Impact of Infliximab and Cyclosporine on the Risk of Colectomy in Hospitalized Patients with Ulcerative Colitis Complicated by Cytomegalovirus - A Multicenter Retrospective Study

Uri Kopylov, Konstantinos Papamichael, Konstantinos Katsanos, Matti Waterman, Ariella Bar-Gil Shitrit, Trine Boysen, Francisco Portela, Armando Peixoto, Andrew Szilagyi, Marco Silva, Giovanni MacOni, Ofir Har-Noy, Peter Bossuyt, Gerassimos Mantzaris, Manuel Barreiro De Acosta, Maria Chaparro, Dimitrios K. Christodoulou, Rami Eliakim, Jean Francois Rahier, Fernando MagroDavid Drobne, Marc Ferrante, Elena Sonnenberg, Britte Siegmund, Vinciane Muls, Tamara Thurm, Henit Yanai, Iris Dotan, Tim Raine, Avi Levin, Eran Israeli, Fahd Ghalim, Franck Carbonnel, Severine Vermeire, Shomron Ben-Horin, Xavier Roblin

Research output: Contribution to journalArticlepeer-review

27 Scopus citations

Abstract

Background: Cytomegalovirus (CMV) is frequently detected in patients with ulcerative colitis (UC). The impact of CMV infection on the outcome of UC exacerbation remains unclear. The benefit of combining antiviral with anti-inflammatory treatment has not been evaluated yet. The aim of this study was to compare the outcome of CMV-positive hospitalized patients with UC treated with antiviral therapy either alone or combined with salvage anti-inflammatory therapy (infliximab [IFX] or cyclosporine A [CsA]). Methods: This was a multicenter retrospective study of hospitalized CMV-positive patients with UC. The patients were classified into 2 groups: antiviral - if treated with antivirals alone; combined - if treated with both antiviral and anti-inflammatory therapy. The outcomes included the rate of colectomy in both arms during the course of hospitalization and after 3/12 months. Results: A total of 110 patients were included; 47 (42.7%) patients did not receive IFX nor CsA; 36 (32.7%) received IFX during hospitalization or within 1 month before hospitalization; 20 (18.1%) patients received CsA during hospitalization; 7 (6.4%) were exposed to both IFX and CsA. The rate of colectomy was 14.5% at 30 days, 20.0% at 3 months, and 34.8% at 12 months. Colectomy rates were similar across treatment groups. No clinical and demographic variables were independently associated with the risk of colectomy. Conclusions: IFX or cyclosporine therapy is not associated with additional risk for colectomy over antiviral therapy alone in hospitalized CMV-positive patients with UC.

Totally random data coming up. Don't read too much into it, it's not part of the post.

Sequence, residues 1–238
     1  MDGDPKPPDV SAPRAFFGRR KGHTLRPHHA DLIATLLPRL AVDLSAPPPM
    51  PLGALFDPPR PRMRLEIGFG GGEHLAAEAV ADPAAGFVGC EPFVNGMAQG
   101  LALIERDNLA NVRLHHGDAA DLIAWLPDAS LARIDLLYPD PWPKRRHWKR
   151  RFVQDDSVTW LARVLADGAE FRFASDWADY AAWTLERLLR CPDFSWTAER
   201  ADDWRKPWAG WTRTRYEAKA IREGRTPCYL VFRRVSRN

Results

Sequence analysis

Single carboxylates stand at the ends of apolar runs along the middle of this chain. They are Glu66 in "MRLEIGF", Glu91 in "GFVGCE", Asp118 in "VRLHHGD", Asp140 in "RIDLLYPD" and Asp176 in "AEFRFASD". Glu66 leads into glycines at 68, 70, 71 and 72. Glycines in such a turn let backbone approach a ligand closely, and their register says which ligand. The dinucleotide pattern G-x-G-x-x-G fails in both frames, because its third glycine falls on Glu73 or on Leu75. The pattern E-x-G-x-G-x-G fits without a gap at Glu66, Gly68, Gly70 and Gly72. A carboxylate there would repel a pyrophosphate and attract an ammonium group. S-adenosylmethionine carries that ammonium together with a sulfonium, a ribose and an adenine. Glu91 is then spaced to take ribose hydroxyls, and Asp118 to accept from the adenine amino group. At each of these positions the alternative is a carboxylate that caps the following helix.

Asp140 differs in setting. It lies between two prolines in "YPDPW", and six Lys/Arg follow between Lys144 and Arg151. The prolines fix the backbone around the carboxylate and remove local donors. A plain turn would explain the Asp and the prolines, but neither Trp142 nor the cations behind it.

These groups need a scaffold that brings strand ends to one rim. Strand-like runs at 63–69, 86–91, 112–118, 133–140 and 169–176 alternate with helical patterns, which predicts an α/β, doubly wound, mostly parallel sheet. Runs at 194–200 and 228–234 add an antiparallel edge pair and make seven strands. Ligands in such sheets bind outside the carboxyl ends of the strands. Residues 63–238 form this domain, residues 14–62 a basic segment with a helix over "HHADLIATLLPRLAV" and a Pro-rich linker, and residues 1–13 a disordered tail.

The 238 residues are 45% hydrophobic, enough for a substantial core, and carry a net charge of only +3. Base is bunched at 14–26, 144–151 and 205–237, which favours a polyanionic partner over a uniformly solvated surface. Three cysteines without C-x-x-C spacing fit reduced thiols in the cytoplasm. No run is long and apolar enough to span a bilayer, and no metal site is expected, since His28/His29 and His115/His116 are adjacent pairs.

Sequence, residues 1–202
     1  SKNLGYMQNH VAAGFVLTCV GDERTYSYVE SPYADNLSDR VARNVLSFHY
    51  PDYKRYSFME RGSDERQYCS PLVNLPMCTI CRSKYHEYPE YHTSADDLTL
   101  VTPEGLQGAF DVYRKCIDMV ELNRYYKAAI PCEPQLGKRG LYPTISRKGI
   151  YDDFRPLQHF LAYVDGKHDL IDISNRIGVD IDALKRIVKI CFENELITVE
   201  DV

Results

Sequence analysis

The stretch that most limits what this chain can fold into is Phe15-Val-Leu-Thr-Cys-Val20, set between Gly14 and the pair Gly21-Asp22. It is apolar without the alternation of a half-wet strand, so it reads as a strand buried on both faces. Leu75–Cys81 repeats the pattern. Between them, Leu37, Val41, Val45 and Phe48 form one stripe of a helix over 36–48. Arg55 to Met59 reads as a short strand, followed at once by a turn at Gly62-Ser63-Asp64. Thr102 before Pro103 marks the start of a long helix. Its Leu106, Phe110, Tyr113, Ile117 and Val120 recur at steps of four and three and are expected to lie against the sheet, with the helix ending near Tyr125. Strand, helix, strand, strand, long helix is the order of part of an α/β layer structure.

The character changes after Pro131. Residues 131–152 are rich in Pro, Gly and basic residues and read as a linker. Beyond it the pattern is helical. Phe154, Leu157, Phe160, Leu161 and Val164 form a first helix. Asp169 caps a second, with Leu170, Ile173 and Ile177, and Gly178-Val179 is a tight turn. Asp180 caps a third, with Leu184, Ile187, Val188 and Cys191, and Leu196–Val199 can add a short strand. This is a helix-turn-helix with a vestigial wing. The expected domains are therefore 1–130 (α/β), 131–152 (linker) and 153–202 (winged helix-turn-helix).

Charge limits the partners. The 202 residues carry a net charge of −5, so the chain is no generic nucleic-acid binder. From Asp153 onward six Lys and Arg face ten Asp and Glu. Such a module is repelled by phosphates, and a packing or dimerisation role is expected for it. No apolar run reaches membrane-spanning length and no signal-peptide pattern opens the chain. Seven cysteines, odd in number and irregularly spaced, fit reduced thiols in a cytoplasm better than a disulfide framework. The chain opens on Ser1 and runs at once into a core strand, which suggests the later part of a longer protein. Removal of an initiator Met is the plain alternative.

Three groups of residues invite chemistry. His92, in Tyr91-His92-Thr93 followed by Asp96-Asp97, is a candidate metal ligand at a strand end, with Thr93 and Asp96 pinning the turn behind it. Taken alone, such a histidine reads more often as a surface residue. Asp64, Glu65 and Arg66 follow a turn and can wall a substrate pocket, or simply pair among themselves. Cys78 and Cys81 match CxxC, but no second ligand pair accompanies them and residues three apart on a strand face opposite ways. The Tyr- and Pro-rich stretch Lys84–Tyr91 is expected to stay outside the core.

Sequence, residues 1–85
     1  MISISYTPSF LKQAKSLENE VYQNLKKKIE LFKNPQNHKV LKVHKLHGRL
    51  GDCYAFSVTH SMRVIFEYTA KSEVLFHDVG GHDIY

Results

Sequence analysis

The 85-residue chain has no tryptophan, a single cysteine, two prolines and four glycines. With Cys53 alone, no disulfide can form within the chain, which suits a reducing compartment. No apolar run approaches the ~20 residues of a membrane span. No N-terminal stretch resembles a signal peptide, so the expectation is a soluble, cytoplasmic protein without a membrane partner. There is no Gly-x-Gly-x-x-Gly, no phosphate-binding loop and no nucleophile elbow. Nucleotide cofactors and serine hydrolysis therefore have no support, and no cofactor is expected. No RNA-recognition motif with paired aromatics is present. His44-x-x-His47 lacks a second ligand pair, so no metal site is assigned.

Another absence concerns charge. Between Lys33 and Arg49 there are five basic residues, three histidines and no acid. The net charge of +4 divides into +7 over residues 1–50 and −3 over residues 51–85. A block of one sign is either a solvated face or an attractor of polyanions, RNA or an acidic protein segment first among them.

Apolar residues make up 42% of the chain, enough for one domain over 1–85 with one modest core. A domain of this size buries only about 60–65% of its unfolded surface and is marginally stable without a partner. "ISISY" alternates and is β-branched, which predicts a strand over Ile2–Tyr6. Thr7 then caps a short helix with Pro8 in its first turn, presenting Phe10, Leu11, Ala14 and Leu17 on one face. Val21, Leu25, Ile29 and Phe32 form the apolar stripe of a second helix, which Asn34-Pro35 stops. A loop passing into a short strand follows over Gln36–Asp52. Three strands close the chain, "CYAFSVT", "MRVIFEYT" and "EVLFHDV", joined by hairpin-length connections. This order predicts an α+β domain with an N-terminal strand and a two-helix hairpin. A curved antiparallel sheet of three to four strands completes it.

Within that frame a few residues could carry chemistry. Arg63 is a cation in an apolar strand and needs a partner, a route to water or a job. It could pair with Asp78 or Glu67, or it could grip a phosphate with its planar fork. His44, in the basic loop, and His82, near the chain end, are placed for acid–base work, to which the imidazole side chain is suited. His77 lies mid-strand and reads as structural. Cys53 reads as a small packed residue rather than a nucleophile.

Original languageEnglish
Pages (from-to)1605-1613
Number of pages9
JournalInflammatory Bowel Diseases
Volume23
Issue number9
DOIs
StatePublished - 1 Sep 2017
Externally publishedYes

Keywords

  • cyclosporine
  • cytomegalovirus
  • infliximab
  • ulcerative colitis

ASJC Scopus subject areas

  • Immunology and Allergy
  • Gastroenterology

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